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NO 167-168

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Helsinki Charter No. 167-168

September - October 2012


First “Triumphs” of the New Regime


By Ivan Torov

As it seems, one hundred days of the rule of the parliamentary-patriotic makeshift produced the result that was quite predictable when Boris Tadic lost the presidential race and Ivica Dacic accepted with both hands the “take it or leave it” offer: economic and political agony grew beyond all bounds, while the new rulers clearly indicated that at the right moment they would “settle” the newly created chaos by reviving Milosevic’s totalitarianism. Given that in the hands of recycled cadres of 1990s (with assistance from inevitable Mladjan Dinkic and Rasim Ljajic) – who are now in their own, primitive and brutal way, establishing absolute control over all spheres of social and political life – falls apart at all seams, one should expect with good reason that twelve years after October 5 domestic conflict would be intensified until it secures a solid foundation for even sharper confrontation with the world.

This confrontation has already been contoured, annulling everything that has been accomplished with great difficulty since 2000. But these contours are more or less tactical for the time being and will remain such until the new rulers assess whether and to what extent Serbia is ready for an “all-inclusive” conflict with Europe. In other words, until they determine whether escalation of “disagreement” with Brussels, Washington and Berlin as of lately leads toward something more tangible except for another /self/isolation.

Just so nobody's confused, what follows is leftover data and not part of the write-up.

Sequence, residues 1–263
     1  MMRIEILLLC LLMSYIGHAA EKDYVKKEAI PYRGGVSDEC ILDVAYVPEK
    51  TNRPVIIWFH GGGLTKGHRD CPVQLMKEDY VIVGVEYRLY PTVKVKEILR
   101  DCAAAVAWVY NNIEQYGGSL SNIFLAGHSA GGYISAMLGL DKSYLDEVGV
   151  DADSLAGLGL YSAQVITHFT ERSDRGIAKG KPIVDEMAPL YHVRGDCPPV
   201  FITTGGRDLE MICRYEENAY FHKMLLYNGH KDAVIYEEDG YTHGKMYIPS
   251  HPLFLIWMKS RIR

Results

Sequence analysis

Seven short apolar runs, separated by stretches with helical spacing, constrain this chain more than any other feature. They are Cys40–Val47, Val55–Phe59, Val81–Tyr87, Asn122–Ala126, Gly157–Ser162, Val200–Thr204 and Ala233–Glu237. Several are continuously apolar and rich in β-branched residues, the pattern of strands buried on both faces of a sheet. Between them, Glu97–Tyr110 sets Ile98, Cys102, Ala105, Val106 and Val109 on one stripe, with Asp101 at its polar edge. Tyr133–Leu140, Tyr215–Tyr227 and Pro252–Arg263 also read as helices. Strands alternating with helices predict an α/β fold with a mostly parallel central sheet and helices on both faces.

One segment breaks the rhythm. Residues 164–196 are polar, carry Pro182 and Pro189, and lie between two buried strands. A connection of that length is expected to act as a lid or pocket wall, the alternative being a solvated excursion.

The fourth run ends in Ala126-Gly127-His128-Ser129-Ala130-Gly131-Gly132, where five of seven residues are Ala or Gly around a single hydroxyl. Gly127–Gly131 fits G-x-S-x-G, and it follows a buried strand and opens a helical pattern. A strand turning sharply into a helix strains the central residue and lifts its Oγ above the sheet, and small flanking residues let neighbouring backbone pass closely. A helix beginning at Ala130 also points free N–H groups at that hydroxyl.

Though many analysts of the attitude of the ruling progressist-socialist coalition – the manners of which growingly associate the ideological terror of the “red-black” coalition in late 1990s – claim that Serbia has definitely given up the EU course, as indicated by President Nikolic’s and Premier Dacic’s verbal acrobatics, it seems to be too early for drawing such a conclusion. And it is too early not so much because Serbia’s new masters’ attempts at camouflaging their anti-Western sentiments with the slogan “We want to join EU, but EU does not want us unless we accept that Serbia’s territory shrinks,” as it is because of the fact that the regime is still at loss in its search for a strategy for justifying the future denial of European integration.